Rolling thunder, debris propelled by the wind, and an exploding transformer heralded the thunderstorm bearing down on downtown San Antonio, Texas, on June 24, 2019. When the storm hit in earnest, more than two inches of water pelted the streets in just a few hours. The rain spurted and whirled sideways like carwash jets. It overwhelmed the gutters, sweeping across streets and sidewalks, gathering cups, bags, animal waste, oil, antifreeze, silt, pesticides, toxic metals, and anything else loose on the ground. It plunged down storm drains and raced over embankments, directly into the San Antonio River.
The flooding was brief this time, with no loss of human life. But the city didn’t escape unscathed. When the sun rose the next day, the San Antonio River that flowed through the popular downtown Riverwalk pedestrian and cycling area was swollen and cloudy, its muddy surface festooned with foam and oil. It looked unwell, as if the river itself were sick.
“Runoff goes into the river hot, fast, and dirty,” says Karen Bishop, senior supervisor of the Stormwater Unit at the San Antonio River Authority (SARA). And as rainfall events become more extreme due to the global climate crisis, officials like Bishop in cities across the nation are increasingly tasked with dealing with stormwater runoff—plus the flooding and water pollution that result.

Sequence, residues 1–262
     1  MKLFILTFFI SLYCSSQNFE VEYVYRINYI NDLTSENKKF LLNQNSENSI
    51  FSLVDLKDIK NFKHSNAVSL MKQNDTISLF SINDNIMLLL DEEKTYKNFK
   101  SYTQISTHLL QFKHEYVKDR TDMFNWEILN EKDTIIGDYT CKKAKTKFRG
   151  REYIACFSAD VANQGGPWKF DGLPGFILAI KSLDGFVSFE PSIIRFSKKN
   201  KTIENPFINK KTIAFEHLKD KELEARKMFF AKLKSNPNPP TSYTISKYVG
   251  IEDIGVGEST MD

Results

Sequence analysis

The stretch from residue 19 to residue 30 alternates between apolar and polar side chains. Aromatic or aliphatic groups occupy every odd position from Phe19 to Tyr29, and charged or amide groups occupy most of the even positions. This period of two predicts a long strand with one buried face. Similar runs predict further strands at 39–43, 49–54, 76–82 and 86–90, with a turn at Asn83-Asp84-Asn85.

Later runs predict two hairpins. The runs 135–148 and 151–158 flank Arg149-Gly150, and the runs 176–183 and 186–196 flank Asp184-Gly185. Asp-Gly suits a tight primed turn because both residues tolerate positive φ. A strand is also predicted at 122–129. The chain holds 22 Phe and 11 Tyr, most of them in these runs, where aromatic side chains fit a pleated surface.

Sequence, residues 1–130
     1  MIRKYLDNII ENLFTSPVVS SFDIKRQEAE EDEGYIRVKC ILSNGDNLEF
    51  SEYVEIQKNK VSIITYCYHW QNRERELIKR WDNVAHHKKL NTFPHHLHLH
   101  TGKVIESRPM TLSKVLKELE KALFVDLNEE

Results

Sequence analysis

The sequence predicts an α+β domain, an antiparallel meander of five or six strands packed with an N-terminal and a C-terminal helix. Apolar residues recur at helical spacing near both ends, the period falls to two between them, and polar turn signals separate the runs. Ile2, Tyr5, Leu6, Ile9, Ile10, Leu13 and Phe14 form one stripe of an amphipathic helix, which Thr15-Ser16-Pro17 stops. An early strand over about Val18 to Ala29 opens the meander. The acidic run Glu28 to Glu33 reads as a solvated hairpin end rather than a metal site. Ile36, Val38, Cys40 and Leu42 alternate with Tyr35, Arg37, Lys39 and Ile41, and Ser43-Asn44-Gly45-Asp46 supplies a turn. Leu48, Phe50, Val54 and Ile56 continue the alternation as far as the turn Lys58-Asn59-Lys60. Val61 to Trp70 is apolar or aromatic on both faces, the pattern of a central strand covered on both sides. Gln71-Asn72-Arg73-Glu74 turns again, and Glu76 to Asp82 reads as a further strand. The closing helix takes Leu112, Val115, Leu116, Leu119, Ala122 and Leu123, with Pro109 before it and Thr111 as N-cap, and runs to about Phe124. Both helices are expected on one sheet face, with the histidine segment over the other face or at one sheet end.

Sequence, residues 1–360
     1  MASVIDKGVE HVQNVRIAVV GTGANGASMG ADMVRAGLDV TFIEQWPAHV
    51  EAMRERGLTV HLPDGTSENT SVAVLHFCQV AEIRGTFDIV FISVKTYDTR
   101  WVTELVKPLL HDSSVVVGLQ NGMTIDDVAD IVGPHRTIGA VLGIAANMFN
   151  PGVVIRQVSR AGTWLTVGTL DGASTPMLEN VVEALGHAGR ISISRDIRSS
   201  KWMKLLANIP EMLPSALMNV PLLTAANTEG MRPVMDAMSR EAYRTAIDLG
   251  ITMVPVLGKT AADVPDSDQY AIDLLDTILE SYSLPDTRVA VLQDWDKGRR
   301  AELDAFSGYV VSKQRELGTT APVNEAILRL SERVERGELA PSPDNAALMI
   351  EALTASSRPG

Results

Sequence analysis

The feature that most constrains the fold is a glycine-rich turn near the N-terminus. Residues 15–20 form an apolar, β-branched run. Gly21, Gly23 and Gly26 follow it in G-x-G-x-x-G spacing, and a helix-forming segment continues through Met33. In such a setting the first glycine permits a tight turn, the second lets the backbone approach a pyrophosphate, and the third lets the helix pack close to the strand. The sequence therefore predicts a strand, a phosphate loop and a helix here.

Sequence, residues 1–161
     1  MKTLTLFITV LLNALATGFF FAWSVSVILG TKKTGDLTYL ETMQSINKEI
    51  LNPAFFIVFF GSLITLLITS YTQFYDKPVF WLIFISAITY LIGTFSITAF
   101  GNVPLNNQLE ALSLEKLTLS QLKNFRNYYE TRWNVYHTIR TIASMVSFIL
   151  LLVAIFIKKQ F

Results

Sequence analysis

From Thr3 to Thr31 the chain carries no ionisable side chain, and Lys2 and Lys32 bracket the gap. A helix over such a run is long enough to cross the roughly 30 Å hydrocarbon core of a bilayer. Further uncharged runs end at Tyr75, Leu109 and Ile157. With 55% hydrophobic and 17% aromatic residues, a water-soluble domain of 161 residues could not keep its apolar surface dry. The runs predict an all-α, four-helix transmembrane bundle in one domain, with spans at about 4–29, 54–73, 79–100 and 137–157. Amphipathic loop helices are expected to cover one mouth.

The traditional approach to managing stormwater is to get it out of neighborhoods as fast as possible to prevent flooding. What’s lost in that approach is any concern for water quality. The bacteria, toxic metals, and chemicals in stormwater cause mass fish kills and sicken birds, turtles, and other animals that depend on the waterways.
More recently, in recognition of the growing burden on urban waterways, some cities, including San Antonio, are turning to green infrastructure, or limited-impact development (LID). Through it, urban planners deploy healthy plant life to make riverbanks more resilient against flooding, as well as rich soil packed with high organic content to filter out pollutants before they reach waterways.